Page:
Sunday, March 1, 2015

When God Says No

This past January 2nd, I turned 31. I got sick that very day, was vomiting, and had to leave the office. My plans to babysit these sweet girls were suddenly cancelled—in case I had something contagious, and the Saturday street evangelism had been cancelled due to weather. Needless to say, I’m not sure anyone plans to be completely alone lying in bed the weekend of his or her birthday. But so it was. And for chunks of time it was so miserable—especially after having spent Christmas with my awesome family. I’m not sure what happens when a birthday comes that makes us so insecure about whether we matter to others. But so it is. And for at least 24 hours, I was so sad and cried so much.

Of course, I was not aware that there were surprise party plans for that Friday night, which had been postponed to Sunday afternoon because of my stomach bug. And what an awesome and amazing time it was that Sunday, the 4
th, full of favorite things and favorite people (like Keiana, who planned it) and thoughtful gifts and the opportunity to exalt Jesus in sharing bits of my story through a “hot seat.”

It’s always funny to whine to the Lord about something that seems so icky at the time and then come back to thank Him with a bit of embarrassment for not trusting in His sweet plans in the first place. It makes me think of the story of Lazarus (see John chapter 11), except to a much lesser degree in my case. The principle is the same nonetheless. So often it seems that the Lord has forgotten us. He has forgotten to resolve some painful circumstance. He has forgotten our unsaved loved ones. He has forgotten to cure our illness. He has forgotten to show mom or dad that he or she is supposed to care more. He has forgotten to bring to us the right person to marry or grant the gift of having children.

As a 30+ year-old Latina, not being married means life has gone wrong. At 28, when I thought I had found "the one" and was on track to be married, I thought that was it. Surely, it was the plan of God that I would be happily married and in a different kind of ministry as a wife and mom like so many others. But to this He said, "No." Not no to everyone. It felt like just no to me. Many assumptions and emotions brought us all the way to sending save-the-dates, choosing a reception hall, shopping for dresses, making necessary life changes, and sharing with the world. Yet something was not right in my heart. When I was alone and patient yet desperate enough, I could hear Him clearly tell me that those were my plans, not His. Without much explanation from Him, I knew I had to discuss this with my fiancĂ© at the time and make the hard decision. We broke off all wedding plans, let all of our confused loved ones know, and we have not seen each other since. It seemed as if the Lord had just forgotten to plan things out better.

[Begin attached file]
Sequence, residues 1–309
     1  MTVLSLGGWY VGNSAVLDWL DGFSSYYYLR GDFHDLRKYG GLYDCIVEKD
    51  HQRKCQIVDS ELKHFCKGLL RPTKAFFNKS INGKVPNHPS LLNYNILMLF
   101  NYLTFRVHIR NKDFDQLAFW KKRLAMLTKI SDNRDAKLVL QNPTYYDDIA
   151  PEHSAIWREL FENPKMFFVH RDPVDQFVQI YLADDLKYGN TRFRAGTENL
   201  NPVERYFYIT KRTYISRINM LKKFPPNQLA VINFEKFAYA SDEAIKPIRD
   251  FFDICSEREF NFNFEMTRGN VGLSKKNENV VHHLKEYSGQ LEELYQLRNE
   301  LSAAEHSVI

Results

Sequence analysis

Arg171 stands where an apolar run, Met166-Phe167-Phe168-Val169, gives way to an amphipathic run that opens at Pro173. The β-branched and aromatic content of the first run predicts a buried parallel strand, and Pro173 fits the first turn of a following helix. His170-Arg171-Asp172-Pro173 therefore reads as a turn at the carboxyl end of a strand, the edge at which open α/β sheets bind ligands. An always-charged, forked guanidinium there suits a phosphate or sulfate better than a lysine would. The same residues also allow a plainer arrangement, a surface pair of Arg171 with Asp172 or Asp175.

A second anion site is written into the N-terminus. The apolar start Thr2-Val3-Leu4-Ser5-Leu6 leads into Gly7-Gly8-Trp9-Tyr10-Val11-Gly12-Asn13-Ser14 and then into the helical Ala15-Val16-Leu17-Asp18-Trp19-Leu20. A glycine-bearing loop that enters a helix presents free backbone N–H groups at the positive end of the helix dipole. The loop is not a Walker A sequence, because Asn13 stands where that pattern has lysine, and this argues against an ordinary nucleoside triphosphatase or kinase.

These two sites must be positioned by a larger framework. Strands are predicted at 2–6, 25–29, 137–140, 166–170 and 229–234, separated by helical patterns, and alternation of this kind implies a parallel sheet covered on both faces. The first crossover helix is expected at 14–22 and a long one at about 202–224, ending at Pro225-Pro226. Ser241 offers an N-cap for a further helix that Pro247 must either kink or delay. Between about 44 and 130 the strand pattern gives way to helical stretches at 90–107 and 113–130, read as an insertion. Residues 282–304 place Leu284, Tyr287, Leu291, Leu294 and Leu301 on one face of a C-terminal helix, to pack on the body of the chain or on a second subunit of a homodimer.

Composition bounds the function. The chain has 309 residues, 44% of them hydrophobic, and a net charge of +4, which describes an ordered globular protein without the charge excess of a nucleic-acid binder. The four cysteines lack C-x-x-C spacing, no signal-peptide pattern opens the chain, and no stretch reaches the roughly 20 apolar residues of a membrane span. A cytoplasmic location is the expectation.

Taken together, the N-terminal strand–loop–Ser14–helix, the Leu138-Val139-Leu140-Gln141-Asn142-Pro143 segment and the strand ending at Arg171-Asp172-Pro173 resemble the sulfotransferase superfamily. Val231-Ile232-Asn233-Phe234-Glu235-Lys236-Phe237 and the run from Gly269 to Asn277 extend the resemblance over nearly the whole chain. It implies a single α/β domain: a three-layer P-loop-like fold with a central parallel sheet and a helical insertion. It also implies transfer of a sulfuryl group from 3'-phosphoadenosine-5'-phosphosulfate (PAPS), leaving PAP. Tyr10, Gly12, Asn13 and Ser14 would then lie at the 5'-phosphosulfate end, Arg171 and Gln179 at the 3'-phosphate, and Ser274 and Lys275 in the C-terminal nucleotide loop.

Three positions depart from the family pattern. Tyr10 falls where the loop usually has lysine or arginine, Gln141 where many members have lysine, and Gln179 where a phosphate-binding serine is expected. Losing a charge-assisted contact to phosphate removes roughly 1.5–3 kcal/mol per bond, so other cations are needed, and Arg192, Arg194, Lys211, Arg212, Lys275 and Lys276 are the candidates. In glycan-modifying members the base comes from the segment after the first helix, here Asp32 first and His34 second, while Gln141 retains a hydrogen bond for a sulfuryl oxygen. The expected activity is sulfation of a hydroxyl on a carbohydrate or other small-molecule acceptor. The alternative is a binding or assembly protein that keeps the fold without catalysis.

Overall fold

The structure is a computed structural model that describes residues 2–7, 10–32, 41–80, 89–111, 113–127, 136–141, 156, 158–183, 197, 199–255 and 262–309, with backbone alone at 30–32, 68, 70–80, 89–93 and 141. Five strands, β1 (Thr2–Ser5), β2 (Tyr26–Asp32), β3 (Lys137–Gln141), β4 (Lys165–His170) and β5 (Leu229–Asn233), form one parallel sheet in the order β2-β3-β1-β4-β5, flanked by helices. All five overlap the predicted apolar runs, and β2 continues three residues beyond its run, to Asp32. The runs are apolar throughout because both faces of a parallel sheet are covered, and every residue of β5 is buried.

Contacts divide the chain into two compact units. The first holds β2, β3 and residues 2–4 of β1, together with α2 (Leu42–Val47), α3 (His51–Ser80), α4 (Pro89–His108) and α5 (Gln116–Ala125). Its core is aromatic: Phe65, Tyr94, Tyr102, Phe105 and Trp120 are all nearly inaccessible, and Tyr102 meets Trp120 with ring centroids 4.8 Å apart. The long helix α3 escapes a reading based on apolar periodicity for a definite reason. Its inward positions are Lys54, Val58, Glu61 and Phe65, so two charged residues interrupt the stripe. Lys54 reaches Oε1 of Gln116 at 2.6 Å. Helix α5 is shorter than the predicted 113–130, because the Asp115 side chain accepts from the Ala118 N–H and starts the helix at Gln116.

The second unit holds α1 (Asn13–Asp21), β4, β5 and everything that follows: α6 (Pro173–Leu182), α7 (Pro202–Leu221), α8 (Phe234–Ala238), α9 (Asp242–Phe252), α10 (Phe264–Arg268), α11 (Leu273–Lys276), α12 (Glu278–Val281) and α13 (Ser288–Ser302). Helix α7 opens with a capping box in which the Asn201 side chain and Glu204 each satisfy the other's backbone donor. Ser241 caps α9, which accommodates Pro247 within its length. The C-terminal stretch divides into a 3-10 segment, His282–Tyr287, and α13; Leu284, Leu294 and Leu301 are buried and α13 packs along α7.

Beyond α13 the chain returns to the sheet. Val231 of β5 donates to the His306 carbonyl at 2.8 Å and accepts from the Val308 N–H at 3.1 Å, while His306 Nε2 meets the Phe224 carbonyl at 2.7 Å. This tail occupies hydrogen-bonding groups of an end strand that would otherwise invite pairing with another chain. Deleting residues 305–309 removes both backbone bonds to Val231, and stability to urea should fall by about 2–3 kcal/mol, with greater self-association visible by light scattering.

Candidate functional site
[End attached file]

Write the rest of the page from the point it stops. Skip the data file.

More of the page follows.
It also seemed to Martha and Mary that Jesus had forgotten them and Lazarus—all of whom the Scripture plainly states that Jesus loves. Verses 5 and 6 are remarkable:

Now Jesus loved Martha and her sister and Lazarus. So, when he heard that Lazarus
was ill, he stayed two days longer in the place where he was.

That word SO! Jesus loved them SO he did not go up to heal Lazarus. Not despite His love because precisely because of it. Just the verse before, He had told them that the illness was for the glory of God, so that Jesus would be glorified through it.